Ruben Sanchez: Religion Clause recently informed us of a court ruling that states that the United Postal Service (USPS) does not need to accommodate a Seventh Day Adventist employee’s request to have every Saturday off. The 8th Circuit held that if Saturday leave were granted, such a demand, made under Title VII of the 1964 Civil Rights Act, would impose an undue hardship on the company, violate its collective bargaining agreement, or challenge its seniority system. Finally, since USPS is an independent government agency and not a branch of the Federal Government, the court stated that Title VII does not apply to this case, since it is “the exclusive remedy for a federal employee’s claim of employment discrimination.”
According to the resolution, the now-former USPS worker requested in 2006 a “religious accommodation to have every Saturday off because working at any time between sundown Friday to sundown Saturday conflicted with his religious beliefs as a Seventh-day Adventist.” In 2007, he was offered a part-time leave on Saturdays to be able to attend church, a proposition he rejected.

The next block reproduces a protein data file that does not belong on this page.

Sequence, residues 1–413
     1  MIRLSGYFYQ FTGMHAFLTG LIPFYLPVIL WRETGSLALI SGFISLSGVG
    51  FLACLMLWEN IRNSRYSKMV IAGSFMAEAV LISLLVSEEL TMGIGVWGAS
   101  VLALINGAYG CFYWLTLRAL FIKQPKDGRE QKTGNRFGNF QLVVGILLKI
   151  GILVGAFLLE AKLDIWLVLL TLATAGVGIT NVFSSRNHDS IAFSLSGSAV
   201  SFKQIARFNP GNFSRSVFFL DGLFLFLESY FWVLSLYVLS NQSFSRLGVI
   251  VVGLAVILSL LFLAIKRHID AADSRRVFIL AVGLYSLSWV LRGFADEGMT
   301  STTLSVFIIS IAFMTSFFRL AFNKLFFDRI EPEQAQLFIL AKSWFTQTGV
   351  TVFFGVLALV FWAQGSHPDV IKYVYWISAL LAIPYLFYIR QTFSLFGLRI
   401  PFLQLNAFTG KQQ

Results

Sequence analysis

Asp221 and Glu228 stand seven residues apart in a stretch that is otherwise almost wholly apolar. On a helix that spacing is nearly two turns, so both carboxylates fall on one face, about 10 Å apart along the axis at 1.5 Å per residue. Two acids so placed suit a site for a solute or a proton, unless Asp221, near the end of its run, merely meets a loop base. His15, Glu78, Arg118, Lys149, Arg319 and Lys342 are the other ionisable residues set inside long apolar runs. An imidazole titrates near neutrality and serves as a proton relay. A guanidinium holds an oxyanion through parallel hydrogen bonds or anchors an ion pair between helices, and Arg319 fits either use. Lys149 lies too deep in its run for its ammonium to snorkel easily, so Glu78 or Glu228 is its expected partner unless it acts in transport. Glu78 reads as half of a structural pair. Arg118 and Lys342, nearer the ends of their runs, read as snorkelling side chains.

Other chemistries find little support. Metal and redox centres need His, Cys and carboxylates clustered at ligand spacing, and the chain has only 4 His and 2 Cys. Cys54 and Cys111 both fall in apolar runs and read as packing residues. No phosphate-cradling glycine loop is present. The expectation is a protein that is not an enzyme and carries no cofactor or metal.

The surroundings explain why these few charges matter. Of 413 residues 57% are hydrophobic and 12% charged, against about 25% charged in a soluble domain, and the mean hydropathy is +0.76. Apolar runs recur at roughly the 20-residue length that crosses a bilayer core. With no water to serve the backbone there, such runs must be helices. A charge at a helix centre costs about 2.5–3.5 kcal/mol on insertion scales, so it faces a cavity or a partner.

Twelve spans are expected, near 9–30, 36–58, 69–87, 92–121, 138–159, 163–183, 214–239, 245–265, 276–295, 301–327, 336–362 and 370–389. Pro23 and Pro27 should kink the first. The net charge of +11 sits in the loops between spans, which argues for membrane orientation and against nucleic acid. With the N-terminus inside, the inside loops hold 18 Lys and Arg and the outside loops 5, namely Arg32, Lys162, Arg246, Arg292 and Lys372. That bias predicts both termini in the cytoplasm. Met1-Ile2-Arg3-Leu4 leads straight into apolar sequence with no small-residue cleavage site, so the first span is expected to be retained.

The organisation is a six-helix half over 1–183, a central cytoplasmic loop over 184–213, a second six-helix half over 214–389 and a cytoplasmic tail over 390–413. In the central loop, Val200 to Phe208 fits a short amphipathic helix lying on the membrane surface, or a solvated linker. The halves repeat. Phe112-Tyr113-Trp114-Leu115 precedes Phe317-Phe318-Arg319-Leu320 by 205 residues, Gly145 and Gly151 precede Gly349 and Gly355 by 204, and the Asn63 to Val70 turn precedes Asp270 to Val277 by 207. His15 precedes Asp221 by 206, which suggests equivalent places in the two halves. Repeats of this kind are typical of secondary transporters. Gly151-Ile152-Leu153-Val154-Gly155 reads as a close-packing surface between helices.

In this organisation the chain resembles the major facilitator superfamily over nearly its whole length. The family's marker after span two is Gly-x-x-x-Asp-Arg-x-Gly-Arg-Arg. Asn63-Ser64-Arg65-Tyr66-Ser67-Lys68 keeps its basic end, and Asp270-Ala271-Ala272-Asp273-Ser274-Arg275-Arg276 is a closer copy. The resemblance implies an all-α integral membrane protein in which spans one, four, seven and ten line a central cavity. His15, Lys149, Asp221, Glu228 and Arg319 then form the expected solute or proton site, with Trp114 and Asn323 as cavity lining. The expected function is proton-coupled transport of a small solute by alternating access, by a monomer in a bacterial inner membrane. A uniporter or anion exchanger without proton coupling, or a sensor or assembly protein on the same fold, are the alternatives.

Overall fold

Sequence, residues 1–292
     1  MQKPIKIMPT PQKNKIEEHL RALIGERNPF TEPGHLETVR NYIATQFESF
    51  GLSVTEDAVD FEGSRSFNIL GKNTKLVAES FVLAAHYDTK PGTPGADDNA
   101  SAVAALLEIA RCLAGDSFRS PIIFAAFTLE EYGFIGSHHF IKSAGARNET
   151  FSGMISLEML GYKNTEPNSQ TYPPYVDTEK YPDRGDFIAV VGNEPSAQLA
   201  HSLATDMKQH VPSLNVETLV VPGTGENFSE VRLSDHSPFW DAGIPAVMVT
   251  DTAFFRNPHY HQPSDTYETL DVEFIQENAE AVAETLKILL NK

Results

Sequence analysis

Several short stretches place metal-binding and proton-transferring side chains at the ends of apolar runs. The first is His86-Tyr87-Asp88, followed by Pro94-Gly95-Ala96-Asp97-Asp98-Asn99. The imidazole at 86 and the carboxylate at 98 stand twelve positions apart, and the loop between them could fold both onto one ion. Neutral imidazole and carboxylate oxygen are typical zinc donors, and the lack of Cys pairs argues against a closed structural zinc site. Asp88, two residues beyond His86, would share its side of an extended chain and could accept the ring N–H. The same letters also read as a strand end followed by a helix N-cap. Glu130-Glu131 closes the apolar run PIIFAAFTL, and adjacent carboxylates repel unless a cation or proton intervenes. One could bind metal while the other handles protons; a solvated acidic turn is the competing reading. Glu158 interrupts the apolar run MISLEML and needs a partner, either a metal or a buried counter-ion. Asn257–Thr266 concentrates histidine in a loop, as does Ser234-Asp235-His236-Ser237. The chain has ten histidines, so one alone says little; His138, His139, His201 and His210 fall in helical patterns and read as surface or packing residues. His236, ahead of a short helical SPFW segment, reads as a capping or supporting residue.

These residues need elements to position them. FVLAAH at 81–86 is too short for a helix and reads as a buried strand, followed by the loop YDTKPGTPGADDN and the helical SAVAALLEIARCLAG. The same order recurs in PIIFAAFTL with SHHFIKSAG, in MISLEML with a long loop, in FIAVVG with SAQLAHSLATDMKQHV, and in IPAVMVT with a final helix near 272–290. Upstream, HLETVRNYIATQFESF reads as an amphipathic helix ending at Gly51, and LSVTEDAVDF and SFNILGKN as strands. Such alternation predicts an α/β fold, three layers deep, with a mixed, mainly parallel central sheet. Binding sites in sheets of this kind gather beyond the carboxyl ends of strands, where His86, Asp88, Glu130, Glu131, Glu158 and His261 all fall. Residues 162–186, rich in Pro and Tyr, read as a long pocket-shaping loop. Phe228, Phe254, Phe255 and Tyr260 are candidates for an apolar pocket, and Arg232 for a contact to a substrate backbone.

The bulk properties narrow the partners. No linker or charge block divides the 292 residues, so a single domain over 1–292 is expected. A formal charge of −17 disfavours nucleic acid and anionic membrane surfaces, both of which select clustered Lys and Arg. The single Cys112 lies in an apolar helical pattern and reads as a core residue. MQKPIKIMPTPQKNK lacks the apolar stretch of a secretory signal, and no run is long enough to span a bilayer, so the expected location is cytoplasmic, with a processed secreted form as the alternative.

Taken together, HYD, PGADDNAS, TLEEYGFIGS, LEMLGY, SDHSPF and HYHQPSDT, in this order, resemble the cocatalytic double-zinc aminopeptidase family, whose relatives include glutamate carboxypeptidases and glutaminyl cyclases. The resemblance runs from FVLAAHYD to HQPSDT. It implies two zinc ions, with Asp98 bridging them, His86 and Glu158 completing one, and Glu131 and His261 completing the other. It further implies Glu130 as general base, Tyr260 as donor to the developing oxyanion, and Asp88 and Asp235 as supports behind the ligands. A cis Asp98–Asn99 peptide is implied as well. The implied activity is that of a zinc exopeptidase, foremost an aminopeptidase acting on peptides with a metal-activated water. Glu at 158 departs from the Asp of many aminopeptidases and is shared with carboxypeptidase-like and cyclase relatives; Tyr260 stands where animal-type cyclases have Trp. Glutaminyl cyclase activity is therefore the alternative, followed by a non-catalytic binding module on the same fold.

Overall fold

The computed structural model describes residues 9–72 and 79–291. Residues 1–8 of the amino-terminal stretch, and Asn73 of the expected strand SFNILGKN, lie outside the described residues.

Leaving aside any legal or moral precedent regarding who is right or wrong, this case is an opportunity to think about sacredness. We usually think of sacred objects, texts and places such as temples. These are things we can possess, trade, inhabit and, most of all, build rituals around. We decide when to deal with them and therefore, we can accommodate them to our daily busy schedule according to our needs and priorities. In these ways, time is subject to whatever is sacred.
Adventists and Jews, at least, have another dimension of sacredness, however. It is time. Time is that thing we cannot possess but measure, we cannot trade but organize, we cannot inhabit but which we just live in. And, last but not least, the rituals we build around time only make sense when the time says it is the right time.
Saturday, or Sabbath, is a sacred space in time for such believers. Which is why it would not make sense to an Adventist or a Jew employed by any company to be given just the time to go to the church and/or synagogue and come back to work. It is not the place nor the act of worshipping only that are sacred. It is not a ritual of doing–going to a place to adore–that is sacred because doing is possible every day. Accordingly it is not a person’s decision when to make a ritual. It is a ritual deciding when to make a person.
For the Adventist USPS employee in this case, his demand was nothing more than a request to remember every week that, before being a worker, he was and remains a person. Therefore, by not accommodating his request, USPS did not fire a worker but discriminate against a person.
In other words and according to this case, federal law gives us the freedom to pick any religion so long as it does not mess with our boss’ business.